Something in that simple act of sharing a drink together changed the whole atmosphere of the room. The two men sat in that small interval of silence, each lost in their own inner muse for the moment, lost in their own toska, as the Russians might say it, that sad inward-looking reflection tinged with melancholia and the quiet ache of yearning.
At length Volsky spoke again, his voice softer, flatter, with no edge of recrimination. “I understand what you did, Karpov. Though I cannot condone it, or even explain it away, I at least understand. But that changes little here today. We have sailed across the whole of the Atlantic because I thought to get the ship away from those unfriendly waters as soon as possible, and perhaps away from the shadow of guilt we all must shoulder equally after what we saw at Halifax. What was it we did, I wonder? Fedorov thinks they thought we were Germans, and that the war started too early for the Americans. He believes our use of atomic weapons put such hot fear into the Allies that they moved heaven and earth to get the bomb for themselves. Perhaps they succeeded and the war ended differently. We do not know. Yet one thing we do know: this ship fired no weapon at Halifax Harbor.”
He paused, filling his shot glass and that of the Captain one more time. “We stopped at the Azores on the way over… Madalena Harbor was destroyed as well, and I think by a very low yield weapon. I put men ashore on Pico Island for fresh water, but we found little else. Some of the buildings were still sitting there untouched by any sign of war. But there were no people—just bones where they should have been. Just bones…”
“So I thought we would have a look at the Med. Yes, I know there are too many targets there to think anything survived if they were willing to spend a missile on a distant island outpost like Madalena Harbor, but one gets curious, yes? You were below decks, and did not see much of this, but as we approached the Straits of Gibraltar I thought, or perhaps I hoped we might see the lights of Tangier glittering on the coastline, yet it was black as coal. Once we got closer we encountered a heavy fog, thick as good borscht, and it was deathly quiet through the strait. Gibraltar was burned and smashed—almost beyond recognition. We sailed on all night, but the fog was still on the sea when dawn came, dull and gray. We skirted the North African coast for a while. Oran and Algiers were devastated—who knows why?” He held up a hand, inexplicably.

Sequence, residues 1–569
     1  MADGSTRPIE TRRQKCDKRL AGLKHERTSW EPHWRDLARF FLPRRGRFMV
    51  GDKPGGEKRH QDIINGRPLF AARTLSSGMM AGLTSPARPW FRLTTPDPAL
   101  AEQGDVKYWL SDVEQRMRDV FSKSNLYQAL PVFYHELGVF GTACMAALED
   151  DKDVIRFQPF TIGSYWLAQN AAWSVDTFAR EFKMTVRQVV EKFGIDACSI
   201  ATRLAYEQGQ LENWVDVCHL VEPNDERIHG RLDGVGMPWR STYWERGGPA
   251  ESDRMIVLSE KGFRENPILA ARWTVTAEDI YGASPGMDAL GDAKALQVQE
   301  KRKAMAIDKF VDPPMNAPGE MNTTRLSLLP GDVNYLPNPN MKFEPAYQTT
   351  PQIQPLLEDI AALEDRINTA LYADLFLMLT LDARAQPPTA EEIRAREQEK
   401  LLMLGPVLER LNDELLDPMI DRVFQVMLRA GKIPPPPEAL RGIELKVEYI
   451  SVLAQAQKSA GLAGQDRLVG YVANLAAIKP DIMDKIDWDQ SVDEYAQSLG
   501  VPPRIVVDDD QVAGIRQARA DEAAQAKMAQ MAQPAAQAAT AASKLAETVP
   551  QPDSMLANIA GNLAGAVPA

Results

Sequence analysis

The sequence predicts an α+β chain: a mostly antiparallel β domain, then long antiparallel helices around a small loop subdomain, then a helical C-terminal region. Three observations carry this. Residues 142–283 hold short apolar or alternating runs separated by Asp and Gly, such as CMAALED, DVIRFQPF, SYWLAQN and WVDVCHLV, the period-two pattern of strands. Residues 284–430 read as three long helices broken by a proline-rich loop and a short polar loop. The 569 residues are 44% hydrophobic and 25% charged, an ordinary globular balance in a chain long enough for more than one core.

“I turned north and sailed up into the Balearic Sea. I don’t know what I thought to see there after what we had already encountered. Perhaps it was only to confirm my worst misgivings…. Then again, I have always been fond of the south coast of France. I thought, one day, that I might buy a cottage there and grow grapes for wine. But no more. Nothing is growing there now…” His voice trailed off, and he tightened his lips on the edge of the shot glass. The Captain drank with him, slower now, to savor the lingering taste of the vodka and chase the bile from his throat.
“Did we do all this?” Volsky waved his arm at unseen shores as he spoke. “No. We did not. We only made it possible for them to do it—all the other generals and admirals and prime ministers and presidents. We showed them what power was, and they wanted it for themselves as badly as you wanted it, Karpov. So now we see the result. In truth, I cannot blame you any more than I blame myself, and all we have before us now is simply a matter of survival.”
Karpov nodded, and the two men sat in the quiet for a time. Then he looked up at the Admiral, and blinked. Something in his face spoke more than he was capable of at that moment, and Volsky was wise enough to see it—the sorrow, the anguish, and the shame.
“I want to have a look at Rome before we turn and head back out into the Atlantic,” said Volsky. “I thought we might transit the Aegean and head for Sevastopol, but I see no point in that now. If there is still anything living on this earth it will likely be in the southern latitudes. We’ll skirt the Italian coast, then head west again through the Tyrrhenian Sea. After that, who knows.”
“That island, Admiral?” Karpov managed a wan smile.
Volsky stood and went to the door, looking over his shoulder as he went with one last word. “I’ll have the guard escort you back to the brig now. It’s best that the men see the consequences of what you have done, and it’s also best if you bear it like a man. In due course I’ll have you transferred to your quarters, and from there I suppose the rest is up to you.”
Before he left he poured his Captain one last shot of Vodka. Then he tipped his hat lightly and reached for the door.
Volsky looked over his shoulder again.
“I was wrong… I… I made a stupid mistake.”
Volsky nodded gravely. It was probably as close as Karpov could come at the moment to a genuine realization of his wrongdoing, and an apology, but the Admiral said nothing more.